9

Creating a Blueprint for Action

In the final session of the workshop, moderators and speakers from earlier sessions summarized the major themes that emerged from their sessions and the actions recommended by speakers. This chapter draws on those remarks and on previous chapters in this summary to outline a blueprint for action to guide future decisions, organized by major topics discussed at the workshop. The conclusions and recommendations presented in this chapter were offered by the speakers identified in parentheses in the text and do not represent the consensus of the group or of the conveners of the workshop.

DRUG-RESISTANT TB IN INDIA

India has been conducting an “amazing” expansion of MDR TB treatment with the goal of achieving universal access to treatment, said Salmaan Keshavjee, Harvard Medical School. The country is using primarily an ambulatory model of care delivery with very short hospital stays. Keshavjee emphasized that achieving national goals in India will require strengthening the health care system. Important steps are to build laboratory capacity, recruit and continually train staff, and reorganize the system to deliver care to MDR TB patients.

Initial results from Gujarat discussed at the workshop were “worrisome,” according to Keshavjee. Resistance to the fluoroquinolones was high at 24 percent. High death rates among some patients suggest late case detection, and high default rates suggest problems with the delivery of treatment. On the other hand, Vishwa Mohan Katoch, ICMR, noted that India has in the past had success in tackling major diseases, such as leprosy, despite



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9 Creating a Blueprint for Action In the final session of the workshop, moderators and speakers from ear- lier sessions summarized the major themes that emerged from their sessions and the actions recommended by speakers. This chapter draws on those remarks and on previous chapters in this summary to outline a blueprint for action to guide future decisions, organized by major topics discussed at the workshop. The conclusions and recommendations presented in this chapter were offered by the speakers identified in parentheses in the text and do not represent the consensus of the group or of the conveners of the workshop. DRUG-RESISTANT TB IN INDIA India has been conducting an “amazing” expansion of MDR TB treat- ment with the goal of achieving universal access to treatment, said Salmaan Keshavjee, Harvard Medical School. The country is using primarily an ambulatory model of care delivery with very short hospital stays. Keshavjee emphasized that achieving national goals in India will require strengthening the health care system. Important steps are to build laboratory capacity, recruit and continually train staff, and reorganize the system to deliver care to MDR TB patients. Initial results from Gujarat discussed at the workshop were “worri- some,” according to Keshavjee. Resistance to the fluoroquinolones was high at 24 percent. High death rates among some patients suggest late case detec- tion, and high default rates suggest problems with the delivery of treatment. On the other hand, Vishwa Mohan Katoch, ICMR, noted that India has in the past had success in tackling major diseases, such as leprosy, despite 113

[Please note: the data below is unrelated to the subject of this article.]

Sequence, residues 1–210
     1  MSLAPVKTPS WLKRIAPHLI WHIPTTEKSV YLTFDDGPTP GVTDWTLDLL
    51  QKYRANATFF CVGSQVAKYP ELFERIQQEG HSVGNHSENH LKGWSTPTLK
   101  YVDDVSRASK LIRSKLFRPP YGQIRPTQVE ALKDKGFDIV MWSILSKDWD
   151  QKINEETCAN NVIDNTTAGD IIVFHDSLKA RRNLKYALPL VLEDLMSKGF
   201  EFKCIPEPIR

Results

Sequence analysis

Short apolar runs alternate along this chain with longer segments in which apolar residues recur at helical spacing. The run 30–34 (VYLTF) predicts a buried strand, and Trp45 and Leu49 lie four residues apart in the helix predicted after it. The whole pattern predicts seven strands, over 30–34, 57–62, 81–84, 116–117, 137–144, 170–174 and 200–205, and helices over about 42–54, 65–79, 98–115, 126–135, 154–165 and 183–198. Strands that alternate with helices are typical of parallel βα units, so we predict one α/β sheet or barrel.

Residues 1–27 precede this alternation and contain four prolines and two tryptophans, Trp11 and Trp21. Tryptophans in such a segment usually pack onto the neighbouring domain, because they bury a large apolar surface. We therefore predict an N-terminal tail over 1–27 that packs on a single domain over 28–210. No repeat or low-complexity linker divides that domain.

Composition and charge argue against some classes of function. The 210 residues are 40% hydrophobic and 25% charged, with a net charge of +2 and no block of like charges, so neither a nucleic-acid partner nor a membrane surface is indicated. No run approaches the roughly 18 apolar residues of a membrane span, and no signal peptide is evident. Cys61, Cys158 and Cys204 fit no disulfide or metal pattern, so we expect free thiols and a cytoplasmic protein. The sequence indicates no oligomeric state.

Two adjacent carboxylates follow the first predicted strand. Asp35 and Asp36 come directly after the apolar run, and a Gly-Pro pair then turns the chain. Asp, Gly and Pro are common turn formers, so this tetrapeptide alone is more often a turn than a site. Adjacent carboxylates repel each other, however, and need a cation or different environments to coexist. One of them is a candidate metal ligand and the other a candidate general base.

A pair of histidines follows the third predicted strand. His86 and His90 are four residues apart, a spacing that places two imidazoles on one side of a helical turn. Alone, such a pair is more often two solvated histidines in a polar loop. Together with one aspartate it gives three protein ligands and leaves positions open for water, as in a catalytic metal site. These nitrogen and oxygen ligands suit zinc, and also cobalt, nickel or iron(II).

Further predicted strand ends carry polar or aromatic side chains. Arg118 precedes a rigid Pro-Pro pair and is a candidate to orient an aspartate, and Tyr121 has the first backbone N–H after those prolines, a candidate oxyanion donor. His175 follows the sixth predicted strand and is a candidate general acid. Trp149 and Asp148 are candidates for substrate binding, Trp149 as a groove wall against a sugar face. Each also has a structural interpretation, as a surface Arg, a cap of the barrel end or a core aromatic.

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114 DRUG-RESISTANT TUBERCULOSIS IN INDIA its large population and socioeconomic disparities. With regard to leprosy, there was not only success in reducing the numbers of affected people, but also a reduction and near elimination of drug resistance through implemen- tation of a regimented program. Conclusions and recommendations offered by individual workshop participants regarding drug-resistant TB in India included the following: • The overall public health care system in India needs to be strength- ened to support a strong anti-TB program. (K. Srinath Reddy, Public Health Foundation of India) • All TB patients should have equitable access to care, and their interests and needs should be protected. (Reddy) • The basic TB program in India needs to reach out to unnotified and missed cases and to poor and highly vulnerable populations. (Reddy) • TB medicines should be sold by prescription only and should be prescribed and dispensed by accredited public and private provid- ers. (Reddy) • A catalog of TB-related activities in India should be undertaken to take stock of the quality and quantity of these activities. Unproduc- tive or ineffective activities should be rejected to make room for innovative new approaches. (Several workshop participants) PREVENTING TRANSMISSION OF DRUG-RESISTANT TB As long as people with drug-resistant TB remain untreated or inad- equately treated, they have the potential to transmit the disease to others. Infection control in health care facilities and in the community is essential to stop the spread of the epidemic. Much remains unknown about both the evolution of drug resistance in M.tb. and the transmission of drug-resistant strains among individuals. Certain strains of MDR TB predominate in different countries and regions. An interesting question, said Keshavjee, is whether these strains are more or less fit than other strains in these regions. Conclusions and recommendations offered by individual workshop participants in the area of preventing transmission of drug-resistant TB included the following: • Infection control and patient management remain inadequate in many countries. (Keshavjee) • Treatment should start as early as possible to reduce transmission. (Edward Nardell, Harvard Medical School)